The will to win, supported by community – Go Giants!
I love baseball, and I love winning. I’m a San Francisco Giants fan. I grew up as a die-hard Boston Red Sox fan. However, having spent 18 years away from Boston and 10 years within a 1-mile walk of PacBell, I have become a loyal Giants fan. I’ve been to more than 150 games at the yard. I’ve attended every playoff and World Series game at PacBell (ATT Park). I watched Bonds hit more than 100 home runs, including every record breaking or setting home run at PacBell. My oldest son, Zack, has been to a World Series game. Though he wouldn’t be born for 4 months, I’m certain that he felt the excitement and energy of the crowd. These experiences have cemented me as a Giants fan. Even with the incredible excitement of the 2002 San Francisco Giants, this 2010 team is more fun to watch. The 2010 Giants team is special, they are a community – they are a team. The 2010 SF fans are a community, and the Bay Area is strengthening as a community because of the energy around the Giants. Sure, not all locals are into the Giants as much as me, but more are into the Giants than they were in 2002. These fans are different than those of us in 2002. These fans care about baseball, about being scrappy, about little ball, about persistence and about getting it done. These fans aren’t in the yard simply to see history happen, they are there to see magic happen. These fans don’t leave until the last pitch, often until well after the last pitch. These fans are in the yard to see will in action.
The 2010 team is a Team with tremendous will to win. It’s not about a couple of individual performers that make or break the organization or decide whether the team will win or lose. It’s about 30 individuals whom have the back of every other. Unlike the 2002 Giants, there isn’t a single hero. Tomorrow’s hero will replace today’s hero. Don’t get me wrong; I loved watching Barry Bonds play. He arguably has the most beautiful swing in baseball history – certainly among the top three. This team, however, has a foundation based on the will to win and teamwork. There are players on this Giants team, such as Posey, who are more excited for their elder (33 years old) teammates than they are for themselves. These teammates don’t want to let each other down. They support each other, they lift each other up, they play little ball, they don’t give up and they win. They are a bunch of hustlers – much like the “idiots” of the 2004 World Series Championship Boston Red Sox team. They make it happen. When they falter, the fan community picks them up. The fan-base is behind this team more than most I have seen. There’s something special happening in the stands.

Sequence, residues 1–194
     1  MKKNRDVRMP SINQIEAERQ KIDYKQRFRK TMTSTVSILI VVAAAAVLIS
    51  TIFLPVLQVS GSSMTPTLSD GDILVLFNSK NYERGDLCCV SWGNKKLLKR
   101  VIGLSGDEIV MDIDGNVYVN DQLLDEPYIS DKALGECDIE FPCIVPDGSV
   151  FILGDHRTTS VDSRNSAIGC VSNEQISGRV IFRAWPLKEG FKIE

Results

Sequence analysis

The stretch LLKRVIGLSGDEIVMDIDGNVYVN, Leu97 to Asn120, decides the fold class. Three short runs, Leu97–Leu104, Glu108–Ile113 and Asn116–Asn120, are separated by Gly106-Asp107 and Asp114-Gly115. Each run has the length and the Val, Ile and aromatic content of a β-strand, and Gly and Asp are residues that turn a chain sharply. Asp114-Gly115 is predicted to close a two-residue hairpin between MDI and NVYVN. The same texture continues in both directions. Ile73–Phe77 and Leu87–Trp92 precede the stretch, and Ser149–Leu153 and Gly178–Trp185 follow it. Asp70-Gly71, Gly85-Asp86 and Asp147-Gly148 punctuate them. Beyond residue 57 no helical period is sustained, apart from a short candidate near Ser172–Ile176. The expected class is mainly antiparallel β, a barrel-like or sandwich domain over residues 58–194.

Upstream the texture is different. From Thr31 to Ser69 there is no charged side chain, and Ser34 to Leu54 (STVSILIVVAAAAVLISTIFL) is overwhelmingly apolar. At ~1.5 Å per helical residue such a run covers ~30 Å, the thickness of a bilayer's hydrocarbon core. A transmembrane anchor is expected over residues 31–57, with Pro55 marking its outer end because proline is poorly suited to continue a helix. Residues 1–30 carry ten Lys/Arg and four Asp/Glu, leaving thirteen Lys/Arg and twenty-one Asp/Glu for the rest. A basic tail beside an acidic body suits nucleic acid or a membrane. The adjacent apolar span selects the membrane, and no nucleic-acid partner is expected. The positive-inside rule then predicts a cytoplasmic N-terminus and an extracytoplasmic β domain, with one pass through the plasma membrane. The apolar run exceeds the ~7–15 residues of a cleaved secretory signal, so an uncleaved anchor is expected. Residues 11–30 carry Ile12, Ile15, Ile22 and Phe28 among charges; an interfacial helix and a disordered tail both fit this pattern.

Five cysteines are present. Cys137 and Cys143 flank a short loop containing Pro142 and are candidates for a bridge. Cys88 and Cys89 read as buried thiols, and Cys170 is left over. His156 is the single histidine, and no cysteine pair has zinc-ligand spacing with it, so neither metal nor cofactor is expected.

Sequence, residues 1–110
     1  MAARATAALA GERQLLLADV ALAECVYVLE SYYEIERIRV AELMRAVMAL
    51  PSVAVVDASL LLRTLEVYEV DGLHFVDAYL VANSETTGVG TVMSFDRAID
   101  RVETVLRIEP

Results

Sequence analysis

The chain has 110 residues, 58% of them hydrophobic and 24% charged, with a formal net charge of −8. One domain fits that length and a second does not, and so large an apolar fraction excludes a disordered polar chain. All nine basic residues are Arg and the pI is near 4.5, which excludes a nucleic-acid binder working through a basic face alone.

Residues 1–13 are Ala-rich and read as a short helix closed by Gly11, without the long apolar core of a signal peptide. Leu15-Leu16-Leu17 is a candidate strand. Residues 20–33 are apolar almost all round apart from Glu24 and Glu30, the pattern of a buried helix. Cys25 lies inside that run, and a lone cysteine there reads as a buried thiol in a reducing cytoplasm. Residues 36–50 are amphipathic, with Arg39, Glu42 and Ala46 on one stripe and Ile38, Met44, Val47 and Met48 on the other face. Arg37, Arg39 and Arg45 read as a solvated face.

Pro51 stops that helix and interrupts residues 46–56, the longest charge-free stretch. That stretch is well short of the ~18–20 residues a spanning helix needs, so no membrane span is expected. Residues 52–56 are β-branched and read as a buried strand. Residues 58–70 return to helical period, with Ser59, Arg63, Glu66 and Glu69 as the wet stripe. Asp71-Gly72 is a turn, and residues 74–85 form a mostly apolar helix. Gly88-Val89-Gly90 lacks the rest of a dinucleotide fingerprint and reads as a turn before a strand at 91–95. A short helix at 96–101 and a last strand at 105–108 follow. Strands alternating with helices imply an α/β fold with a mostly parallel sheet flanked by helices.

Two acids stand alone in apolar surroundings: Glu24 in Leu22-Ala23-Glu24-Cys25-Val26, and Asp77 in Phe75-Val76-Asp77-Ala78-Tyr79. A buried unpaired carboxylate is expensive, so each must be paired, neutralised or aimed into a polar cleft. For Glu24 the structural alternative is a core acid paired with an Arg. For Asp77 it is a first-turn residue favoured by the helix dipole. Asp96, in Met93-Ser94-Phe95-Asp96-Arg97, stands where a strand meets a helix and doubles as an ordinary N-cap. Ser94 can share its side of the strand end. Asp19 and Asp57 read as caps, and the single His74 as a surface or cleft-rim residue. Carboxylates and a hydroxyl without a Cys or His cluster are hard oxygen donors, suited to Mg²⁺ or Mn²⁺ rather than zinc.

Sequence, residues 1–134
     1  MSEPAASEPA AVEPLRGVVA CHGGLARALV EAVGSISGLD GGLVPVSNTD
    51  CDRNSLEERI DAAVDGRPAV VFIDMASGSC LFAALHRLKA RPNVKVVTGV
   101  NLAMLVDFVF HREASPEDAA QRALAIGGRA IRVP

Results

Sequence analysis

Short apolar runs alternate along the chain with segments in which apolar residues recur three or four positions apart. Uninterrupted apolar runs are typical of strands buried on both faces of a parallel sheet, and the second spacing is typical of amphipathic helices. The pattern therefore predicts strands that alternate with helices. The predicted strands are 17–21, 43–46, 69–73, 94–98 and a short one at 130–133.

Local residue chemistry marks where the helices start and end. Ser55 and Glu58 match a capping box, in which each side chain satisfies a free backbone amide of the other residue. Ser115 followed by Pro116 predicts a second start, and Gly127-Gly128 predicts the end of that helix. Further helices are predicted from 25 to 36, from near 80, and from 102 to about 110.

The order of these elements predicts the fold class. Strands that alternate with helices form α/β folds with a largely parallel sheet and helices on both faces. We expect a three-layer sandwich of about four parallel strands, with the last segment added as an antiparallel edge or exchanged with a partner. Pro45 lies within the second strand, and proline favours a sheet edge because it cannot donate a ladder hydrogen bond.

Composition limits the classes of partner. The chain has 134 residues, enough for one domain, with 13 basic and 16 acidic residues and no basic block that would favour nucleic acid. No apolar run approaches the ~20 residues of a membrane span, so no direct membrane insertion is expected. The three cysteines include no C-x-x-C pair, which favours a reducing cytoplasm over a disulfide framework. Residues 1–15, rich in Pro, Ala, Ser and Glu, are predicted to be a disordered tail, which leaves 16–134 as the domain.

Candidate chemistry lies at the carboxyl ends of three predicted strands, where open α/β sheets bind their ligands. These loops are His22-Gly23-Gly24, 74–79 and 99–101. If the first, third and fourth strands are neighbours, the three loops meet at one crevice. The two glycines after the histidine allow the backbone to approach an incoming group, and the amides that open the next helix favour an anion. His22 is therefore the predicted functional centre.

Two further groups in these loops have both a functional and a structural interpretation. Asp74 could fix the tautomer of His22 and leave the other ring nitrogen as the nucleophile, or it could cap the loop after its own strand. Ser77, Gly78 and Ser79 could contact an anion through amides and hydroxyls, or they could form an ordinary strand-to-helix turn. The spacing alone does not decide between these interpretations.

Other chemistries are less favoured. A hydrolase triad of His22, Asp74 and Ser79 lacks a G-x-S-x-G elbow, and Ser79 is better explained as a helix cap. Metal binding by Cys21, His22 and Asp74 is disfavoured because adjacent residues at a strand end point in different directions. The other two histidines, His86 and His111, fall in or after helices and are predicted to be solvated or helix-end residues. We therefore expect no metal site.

There is only one player, Buster Posey at .305, with a batting average over .300. They could easily have folded after losing 2 straight to the San Diego Padres. They moved into the final game of the NLDS series having lost 2 of every 3 games played against the Padres. They didn’t give up, they couldn’t give up – they worked as a team with the will to win and they got the job done. After the win, they celebrated with the larger community – the Giants fans and the San Francisco locals. The San Francisco Giants understand that the will to win combined with the support of Community can drive success. Do you have the will to win? When you win, how will you give back to the community? How will you leverage the Community to help you win?
Regardless of whether the Giants become World Series Champions (I think they will), they have won the hearts of many as they demonstrate the power of teamwork, community and a strong will to win.